Does it hold up?-Resident Evil 4
This is a review of both the game itself and the Ultimate HD Edition, released in 2014. On its own terms, the remaster isn’t particularly impressive, it does a fine job upgrading the character models, but only upscales some textures, which can look jarring while side by side with original quality textures. The gameplay is basically unchanged, even in places where it would have benefited from some minor improvements, like the 20 save slot limit. There’s also a few bugs when running the game in 60 fps, including a pretty much game breaking one that makes a certain QTE impossible, or at least abnormally difficult. With that being said though, I still think this is the best way to play the game for the time being.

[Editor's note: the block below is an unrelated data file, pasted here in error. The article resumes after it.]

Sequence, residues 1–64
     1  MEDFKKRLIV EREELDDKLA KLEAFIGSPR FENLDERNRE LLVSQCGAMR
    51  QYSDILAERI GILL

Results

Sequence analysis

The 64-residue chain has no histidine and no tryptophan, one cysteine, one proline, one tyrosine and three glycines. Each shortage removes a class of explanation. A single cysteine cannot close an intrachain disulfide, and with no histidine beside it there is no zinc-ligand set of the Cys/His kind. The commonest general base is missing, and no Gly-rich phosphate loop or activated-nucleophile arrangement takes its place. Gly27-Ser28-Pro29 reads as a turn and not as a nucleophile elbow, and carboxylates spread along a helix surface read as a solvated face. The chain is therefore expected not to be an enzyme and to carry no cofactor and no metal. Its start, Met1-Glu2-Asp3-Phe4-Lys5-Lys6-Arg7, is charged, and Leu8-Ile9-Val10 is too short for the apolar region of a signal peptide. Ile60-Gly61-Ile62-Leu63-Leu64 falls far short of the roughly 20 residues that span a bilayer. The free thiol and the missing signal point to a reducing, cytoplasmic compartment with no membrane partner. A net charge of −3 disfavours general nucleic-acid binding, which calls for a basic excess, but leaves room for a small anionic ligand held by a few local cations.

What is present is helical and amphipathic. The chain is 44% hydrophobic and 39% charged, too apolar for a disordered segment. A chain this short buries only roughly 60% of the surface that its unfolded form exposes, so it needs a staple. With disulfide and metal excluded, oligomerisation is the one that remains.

I was about 10 years old when I first tried to play RE4. Back then, I didn’t quite understand what a horror game was supposed to be, and it didn’t look particularly different from the action games I was familiar with. But the control scheme felt instantly wrong(keep in mind, I was playing mouse and keyboard too), and the constant lack of ammo was extremely frustrating. About 2 hours into the game, I got a random button prompt flashing on the screen for about half a second, then a boulder fell on Leon’s perfectly coifed head, and I lost. That was about it for my first taste of Resident Evil. Coming back to it years later, this time armed with a controller and some knowledge of what the game was trying to do, I can’t say I felt much different at first. The controls still felt clunky and unintuitive, the lack of ammo was a constant nuisance, and the QTEs were still annoyingly cheap and difficult(it turned out this was an issue related to running the game in 60 fps, but I found that only much later). The only things that kept me going through the game’s early hours were the narrative momentum and atmosphere. But soon enough, something clicked. Stopping to aim and then kiting back felt like second nature. Conserving as much ammo as possible by using the knife and searching every corner for supplies became a fun challenge rather than a chore. And I finally understood that the real game was the inventory management, with the shooty bits only serving as a fun distraction. I finally got what Resident Evil 4 was trying to do, and I was hooked.